Fruit

J. M. Davies, Canada

Part 4 of 6 of the series Word Studies in Philippians

In Eden’s garden there were trees that bore all manner of fruit for the sustenance of the life of man and in Revelation 22. 2 we read of “the tree of life, which bare twelve manner of fruits,, and yielded her fruit every month”. Even after the fall fruit has continued to be an essential element in man’s diet. The fruit of the olive, the fig and the vine are specially referred to in relation to Israel and the land. The portion of the land which fell to Joseph was seemingly the most fertile part of the land. The blessing of Moses assured it of an abundant rainfall and well water which would result in a rich supply of fruits which are produced annually and some even monthly, as well as the precious things of the earth, the necessary agricultural wealth, Deut. 33. 13-16. Joseph is here distinguished from his brethren by the fact that he was a Nazarite, as is suggested by the use of the word rendered “separated”. So the blessing of Joseph is the blessing of the Nazarite. Five times over the word “precious” is used to describe the richness of the inheritance which was to be his portion. He could truly say that the lines had fallen to him in pleasant places, he had a goodly heritage. Similarly in the Epistle to the Philippians we have the path and the blessings of the Christian who is truly devoted to the Lord. While every Nazarite was an Israelite, every Israelite was not a Nazarite, and this analogy holds true today. The Rechabites in Jeremiah’s day, Jer. 35, were a family of Nazarites and might well illustrate for us the assembly in Philippi. Among the assemblies referred to in the New Testament, they were outstanding in their devotion to the Lord and the furtherance of the Gospel. The apostle refers to fruit in a threefold connection.

1. Being filled with the fruits of righteousness, 1.11

This fruit of righteousness (see R.V. marg.) is that which is produced in the life of the believer by the Holy Spirit. It is the fruit which comes from right conduct, the inevitable result of justification, of having been constituted righteous before God through our Lord’s one act of righteousness, Rom. 5. 18. The words are therefore parallel with those of Galatians 5. 22-23 where the fruit of the Spirit is described. The nine things listed there are not nine different fruits but nine aspects of the fruit of the Spirit. They depict the way in which the fruit of the Spirit or the fruit of righteousness will be manifested. The first three, love, joy and peace, are Godward. The second three, longsuffering, gentleness and goodness, are manward. The last three, faith, meekness and temperance, are selfward. In his prayer for the Philippians the apostle desired that their lives might be filled with this fruit. This echoes the word of the Lord in John 15.

2. This is the fruit of my labour, 1. 22

The different renderings of this verse indicate that it is not an easy verse to translate. But one thing is clear. Paul is speaking of the fruit from his labour in the gospel and among the saints. The words are similar to those used in Romans 1. 13 “that I might have some fruit among you also, even as among other Gentiles”. The Lord speaks of it as gathering “fruit unto life eternal”, John 4. 36. The redeemed host will represent some of the fruit of His travail and suffering. Its full fruition will be known when the new creation with the new heavens and the new earth will have been brought into being and God will be all in all.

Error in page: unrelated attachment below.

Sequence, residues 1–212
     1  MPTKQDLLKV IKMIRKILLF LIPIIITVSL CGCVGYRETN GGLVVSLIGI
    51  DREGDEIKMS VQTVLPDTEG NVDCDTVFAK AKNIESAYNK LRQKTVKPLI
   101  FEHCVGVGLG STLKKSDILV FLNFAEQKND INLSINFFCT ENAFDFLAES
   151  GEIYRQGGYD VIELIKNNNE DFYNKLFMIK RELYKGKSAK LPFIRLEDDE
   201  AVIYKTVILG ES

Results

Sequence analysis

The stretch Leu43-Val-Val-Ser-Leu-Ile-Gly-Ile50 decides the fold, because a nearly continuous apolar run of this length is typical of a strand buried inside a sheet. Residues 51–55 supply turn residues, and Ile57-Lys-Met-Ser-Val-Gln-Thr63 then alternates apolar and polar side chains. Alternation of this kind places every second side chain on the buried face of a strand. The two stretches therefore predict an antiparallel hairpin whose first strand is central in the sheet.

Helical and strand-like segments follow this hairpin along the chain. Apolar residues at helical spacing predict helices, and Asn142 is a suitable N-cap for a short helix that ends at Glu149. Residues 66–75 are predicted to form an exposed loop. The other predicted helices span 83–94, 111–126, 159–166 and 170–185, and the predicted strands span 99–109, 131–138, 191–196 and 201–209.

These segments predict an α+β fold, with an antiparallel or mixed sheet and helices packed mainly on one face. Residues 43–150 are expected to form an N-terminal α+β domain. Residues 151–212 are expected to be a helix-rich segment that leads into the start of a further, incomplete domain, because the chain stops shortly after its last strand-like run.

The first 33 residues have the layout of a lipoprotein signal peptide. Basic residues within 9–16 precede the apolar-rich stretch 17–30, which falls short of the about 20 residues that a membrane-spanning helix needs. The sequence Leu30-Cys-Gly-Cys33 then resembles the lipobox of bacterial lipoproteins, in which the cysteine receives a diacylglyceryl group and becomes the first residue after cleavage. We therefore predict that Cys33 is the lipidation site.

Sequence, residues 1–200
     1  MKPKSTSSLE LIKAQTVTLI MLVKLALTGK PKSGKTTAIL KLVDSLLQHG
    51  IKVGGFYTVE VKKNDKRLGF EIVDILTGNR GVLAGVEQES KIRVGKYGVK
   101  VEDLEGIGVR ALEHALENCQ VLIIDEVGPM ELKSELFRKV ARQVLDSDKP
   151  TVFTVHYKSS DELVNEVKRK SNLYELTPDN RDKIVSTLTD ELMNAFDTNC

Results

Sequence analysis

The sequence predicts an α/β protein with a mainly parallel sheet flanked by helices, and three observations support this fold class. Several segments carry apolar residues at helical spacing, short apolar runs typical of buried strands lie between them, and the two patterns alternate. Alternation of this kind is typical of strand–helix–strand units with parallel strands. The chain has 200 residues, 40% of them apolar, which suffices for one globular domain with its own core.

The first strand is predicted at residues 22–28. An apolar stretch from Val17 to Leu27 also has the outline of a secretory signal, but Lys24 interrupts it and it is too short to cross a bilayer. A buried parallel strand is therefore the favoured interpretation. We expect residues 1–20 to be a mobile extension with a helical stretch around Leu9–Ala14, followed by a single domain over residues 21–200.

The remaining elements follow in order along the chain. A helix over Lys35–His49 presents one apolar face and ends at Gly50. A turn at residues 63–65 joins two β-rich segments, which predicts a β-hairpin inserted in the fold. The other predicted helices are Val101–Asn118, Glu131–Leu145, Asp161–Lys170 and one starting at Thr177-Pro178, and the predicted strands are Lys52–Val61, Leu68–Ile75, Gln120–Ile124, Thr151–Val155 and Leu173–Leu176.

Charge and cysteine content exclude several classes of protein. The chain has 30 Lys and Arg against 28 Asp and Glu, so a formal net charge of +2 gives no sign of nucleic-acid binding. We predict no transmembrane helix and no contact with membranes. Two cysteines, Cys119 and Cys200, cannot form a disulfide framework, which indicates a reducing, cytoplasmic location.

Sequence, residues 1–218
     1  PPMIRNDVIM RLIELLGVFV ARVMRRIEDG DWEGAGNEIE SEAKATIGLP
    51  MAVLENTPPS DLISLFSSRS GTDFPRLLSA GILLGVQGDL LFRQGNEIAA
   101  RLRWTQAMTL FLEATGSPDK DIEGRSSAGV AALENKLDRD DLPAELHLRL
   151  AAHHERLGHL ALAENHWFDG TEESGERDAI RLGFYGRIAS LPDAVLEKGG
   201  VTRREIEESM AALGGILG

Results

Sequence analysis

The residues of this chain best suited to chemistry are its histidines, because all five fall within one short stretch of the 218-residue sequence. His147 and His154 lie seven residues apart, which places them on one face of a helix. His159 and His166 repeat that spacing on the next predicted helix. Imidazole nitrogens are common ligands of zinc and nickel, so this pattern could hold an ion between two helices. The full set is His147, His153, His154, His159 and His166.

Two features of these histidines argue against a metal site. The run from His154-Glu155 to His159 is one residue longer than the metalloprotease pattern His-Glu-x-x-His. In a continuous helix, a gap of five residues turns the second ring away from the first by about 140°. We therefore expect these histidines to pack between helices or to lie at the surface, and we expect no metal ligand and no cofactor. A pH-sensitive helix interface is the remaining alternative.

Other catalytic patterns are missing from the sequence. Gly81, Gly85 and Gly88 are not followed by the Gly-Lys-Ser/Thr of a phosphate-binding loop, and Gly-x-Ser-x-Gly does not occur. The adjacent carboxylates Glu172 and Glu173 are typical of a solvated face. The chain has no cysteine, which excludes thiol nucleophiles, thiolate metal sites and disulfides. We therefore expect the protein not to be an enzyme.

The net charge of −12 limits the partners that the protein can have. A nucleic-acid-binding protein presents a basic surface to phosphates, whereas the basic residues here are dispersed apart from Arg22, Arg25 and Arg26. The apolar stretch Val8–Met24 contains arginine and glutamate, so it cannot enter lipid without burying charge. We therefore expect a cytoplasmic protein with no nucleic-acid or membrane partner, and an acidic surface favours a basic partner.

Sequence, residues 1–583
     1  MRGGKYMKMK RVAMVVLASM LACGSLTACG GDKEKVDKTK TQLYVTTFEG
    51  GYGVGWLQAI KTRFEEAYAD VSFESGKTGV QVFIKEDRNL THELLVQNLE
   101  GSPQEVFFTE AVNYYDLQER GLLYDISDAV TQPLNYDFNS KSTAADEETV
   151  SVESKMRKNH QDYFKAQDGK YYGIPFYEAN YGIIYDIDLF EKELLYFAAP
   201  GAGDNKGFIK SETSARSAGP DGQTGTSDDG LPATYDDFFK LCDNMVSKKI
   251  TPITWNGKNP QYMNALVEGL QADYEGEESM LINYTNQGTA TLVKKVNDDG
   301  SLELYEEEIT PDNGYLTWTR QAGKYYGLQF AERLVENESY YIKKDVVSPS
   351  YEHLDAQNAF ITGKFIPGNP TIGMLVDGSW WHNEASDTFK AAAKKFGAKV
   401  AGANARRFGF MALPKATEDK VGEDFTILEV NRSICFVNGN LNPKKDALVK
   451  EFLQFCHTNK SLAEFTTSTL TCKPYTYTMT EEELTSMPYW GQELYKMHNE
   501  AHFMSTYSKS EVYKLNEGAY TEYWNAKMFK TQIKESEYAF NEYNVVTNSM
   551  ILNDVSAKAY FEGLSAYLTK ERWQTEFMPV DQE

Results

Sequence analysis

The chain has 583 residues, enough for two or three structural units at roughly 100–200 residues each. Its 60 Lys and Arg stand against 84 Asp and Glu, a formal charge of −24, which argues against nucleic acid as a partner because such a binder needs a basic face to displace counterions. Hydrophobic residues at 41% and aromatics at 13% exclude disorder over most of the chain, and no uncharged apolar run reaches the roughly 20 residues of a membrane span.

Hence the apostle was prepared to continue to live in the flesh, and would choose to do so rather than depart to be with Christ, though this would have been far better for him personally, in order that thereby he might be instrumental in winning more souls, helping more saints and thus gathering more fruit. He coveted a faithful ministry and this is a desire implanted in the heart of every true servant of God. We must not meet the Saviour empty-handed. May it please the Lord to preserve us from a barren and fruitless ministry.

3. I desire fruit that may abound to your account, 4, 17

In “the beginning of the gospel” while the apostle was in Thessalonica the Philippians had communicated with him twice. Philippi stood alone in this matter. It is to the shame of the others that they did not so exercise their stewardship in helping forward the work of the Lord by giving of their material things. To the Corinthians the apostle wrote “Now ye are full, now ye are rich, ye have reigned as kings without us”, 1 Cor. 4. 8. The sting of that rebuke is in the tail, in the words “without us”. They had enjoyed material prosperity but had not remembered the apostle. They had taken little or no interest in the furtherance of the Gospel.

In the parable of the unjust steward the Lord teaches that the stewardship of material things is of secondary importance to that of the spiritual, Luke 16. 1-13. Money is the unrighteous mammon and is not to be considered as our own. The truth of God constitutes the true riches and faithfulness in connection with that which is the least is an essential qualification for stewardship of that which is of greater value. By the wise use of money in the work of the Gospel we may make friends who will be ready to welcome us to eternal habitations when the time comes for us to bid goodbye to this earthly sphere. The gifts of the saints at Philippi would become, by a process of divine alchemy, fruit credited to their account. The New Testament thus lifts the furtherance of the Lord’s work through the giving of our material things to a very honourable status. It not only becomes the means of meeting a present need but results now in thanksgiving to the Lord and will bring its own reward in a coming day.